Soon I was in touch with a local rescue. My little dog Kruemel had just turned 18 and her days were slow and surely numbered. I could handle another dog, even a big one. My research showed that greyhounds are calm dogs overall with only short bursts of energy, otherwise couch potatoes, affectionate and mellow with a cat like personality. Even though much of this turned out to be true I was not prepared for what it would take to get there.
It took a while to find the right dog because it needed to be matched for cat and small dog compatibility, since track dogs are trained on life bunnies and furry lures and greyhounds have a long history as hunting dogs.
And so one day, there she was, beautiful Donna. Coming from the Arizona race track she was the pup of successful racing champions with a history as far back as the 1800’s starting in England then Australia and eventually coming to the US. Discarded after only 6 test races because she didn’t win, she showed up at the rescue at 4 years old.
Snow white, with a wild sprinkle of black spots like poppy seeds (which gave her her off-track name) she was a dog painters dream. A black ‘eye patch’ and one larger spot on her forehead made her face unique and gave a glow to her amber eyes. A glow that was only there in color not in spirit as I found out soon enough.
-To be continued.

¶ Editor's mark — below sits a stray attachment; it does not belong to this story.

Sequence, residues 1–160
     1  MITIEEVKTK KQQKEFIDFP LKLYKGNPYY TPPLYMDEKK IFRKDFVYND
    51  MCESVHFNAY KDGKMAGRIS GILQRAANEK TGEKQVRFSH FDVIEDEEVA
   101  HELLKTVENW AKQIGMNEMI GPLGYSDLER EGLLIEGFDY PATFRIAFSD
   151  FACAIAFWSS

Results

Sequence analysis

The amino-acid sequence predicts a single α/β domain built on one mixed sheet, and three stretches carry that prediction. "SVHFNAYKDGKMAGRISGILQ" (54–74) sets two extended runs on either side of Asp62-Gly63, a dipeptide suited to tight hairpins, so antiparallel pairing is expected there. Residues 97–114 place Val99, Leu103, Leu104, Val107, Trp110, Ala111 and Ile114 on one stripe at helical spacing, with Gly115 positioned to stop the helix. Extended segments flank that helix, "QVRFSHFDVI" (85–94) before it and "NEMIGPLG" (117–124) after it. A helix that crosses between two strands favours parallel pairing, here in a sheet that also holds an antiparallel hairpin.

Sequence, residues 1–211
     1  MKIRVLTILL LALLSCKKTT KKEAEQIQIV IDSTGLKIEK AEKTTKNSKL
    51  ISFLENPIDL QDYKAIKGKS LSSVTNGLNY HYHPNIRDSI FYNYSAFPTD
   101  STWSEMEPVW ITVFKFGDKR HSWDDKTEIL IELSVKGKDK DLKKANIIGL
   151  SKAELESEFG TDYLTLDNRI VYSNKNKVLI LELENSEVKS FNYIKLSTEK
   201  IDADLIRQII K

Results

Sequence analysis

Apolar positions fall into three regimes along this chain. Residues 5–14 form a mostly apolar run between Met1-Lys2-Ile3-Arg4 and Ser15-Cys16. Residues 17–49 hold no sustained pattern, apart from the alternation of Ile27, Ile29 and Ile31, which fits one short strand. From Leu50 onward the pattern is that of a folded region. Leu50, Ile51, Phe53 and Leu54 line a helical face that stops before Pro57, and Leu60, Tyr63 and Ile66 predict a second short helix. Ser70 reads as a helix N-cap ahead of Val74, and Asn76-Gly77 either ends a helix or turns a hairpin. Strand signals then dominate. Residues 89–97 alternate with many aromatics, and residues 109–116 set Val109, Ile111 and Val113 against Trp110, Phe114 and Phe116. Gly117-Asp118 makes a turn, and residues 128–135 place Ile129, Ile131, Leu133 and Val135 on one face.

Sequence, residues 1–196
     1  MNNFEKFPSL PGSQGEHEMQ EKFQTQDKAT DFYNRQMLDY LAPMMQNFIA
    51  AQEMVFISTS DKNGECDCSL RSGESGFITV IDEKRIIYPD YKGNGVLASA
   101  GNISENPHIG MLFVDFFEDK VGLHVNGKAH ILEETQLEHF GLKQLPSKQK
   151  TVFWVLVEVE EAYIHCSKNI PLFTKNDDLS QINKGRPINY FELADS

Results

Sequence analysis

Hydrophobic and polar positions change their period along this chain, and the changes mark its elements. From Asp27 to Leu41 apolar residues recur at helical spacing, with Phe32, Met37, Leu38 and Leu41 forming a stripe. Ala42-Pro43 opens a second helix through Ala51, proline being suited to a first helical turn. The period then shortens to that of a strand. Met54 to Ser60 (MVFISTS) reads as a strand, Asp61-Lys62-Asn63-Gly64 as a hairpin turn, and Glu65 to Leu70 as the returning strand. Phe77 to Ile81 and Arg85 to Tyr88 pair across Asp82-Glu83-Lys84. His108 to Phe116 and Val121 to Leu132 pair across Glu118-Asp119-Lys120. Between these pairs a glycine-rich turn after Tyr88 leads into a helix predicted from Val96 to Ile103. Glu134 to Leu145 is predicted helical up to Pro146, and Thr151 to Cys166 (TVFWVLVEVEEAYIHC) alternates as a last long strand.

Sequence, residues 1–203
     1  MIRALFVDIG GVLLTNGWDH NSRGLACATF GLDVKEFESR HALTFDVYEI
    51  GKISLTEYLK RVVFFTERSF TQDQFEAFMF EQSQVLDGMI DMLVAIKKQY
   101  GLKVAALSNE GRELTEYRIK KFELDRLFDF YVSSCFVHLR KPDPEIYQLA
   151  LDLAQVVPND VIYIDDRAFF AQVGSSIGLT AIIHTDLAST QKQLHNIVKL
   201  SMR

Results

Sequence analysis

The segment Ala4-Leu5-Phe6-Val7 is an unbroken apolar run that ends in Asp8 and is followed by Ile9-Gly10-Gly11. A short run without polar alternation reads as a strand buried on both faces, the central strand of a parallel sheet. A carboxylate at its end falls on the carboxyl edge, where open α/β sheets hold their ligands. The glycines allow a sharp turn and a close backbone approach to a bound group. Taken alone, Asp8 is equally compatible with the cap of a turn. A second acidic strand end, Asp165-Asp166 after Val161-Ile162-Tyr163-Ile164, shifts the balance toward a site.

Common symptoms of illness. Check with your vet:
Changes in activity level or behavior
Confusion or disorientation
Changing sleeping patterns
Bad breath/red gums
New lumps or bumps
Poor vision or hearing
Difficulty climbing stairs or jumping up
Fainting or signs of weakness
Source: Dog-o-Pedia by Mary Frances Budzik
You can find a comprehensive list of many dog diseases with detailed descriptions and symptoms on http://www.gopetsamerica.com/
Check out the link on this site or your local rescue group for adopting a greyhound.
Greyhounds were amongst the most highest-favored of all dogs; Pharaohs and other Egyptian, Asian and African leaders had images of their dogs engraved into their tombs dating as far back as 4000BC. However, DNA analysis done in 2004 put it close to herding dogs, implying that although greyhounds have been around for millennia, the modern breed sprang from a wider genetic base more recently. Greyhounds were first used for hunting antelopes, wolves and deer and after the decline of large game for coursing smaller animals. Later track racing took over which again proved them to be the fastest dogs on earth with speeds around 40 miles. Only the cheetah is faster in the animal world. The ‘grey’ does not refer to color but, according to some sources, comes from Old English, meaning ‘fine’. Others say it is contracted form of ‘degree hound’ as it was once allowed to be possessed only by people with degrees. And others say that it derives from Greece.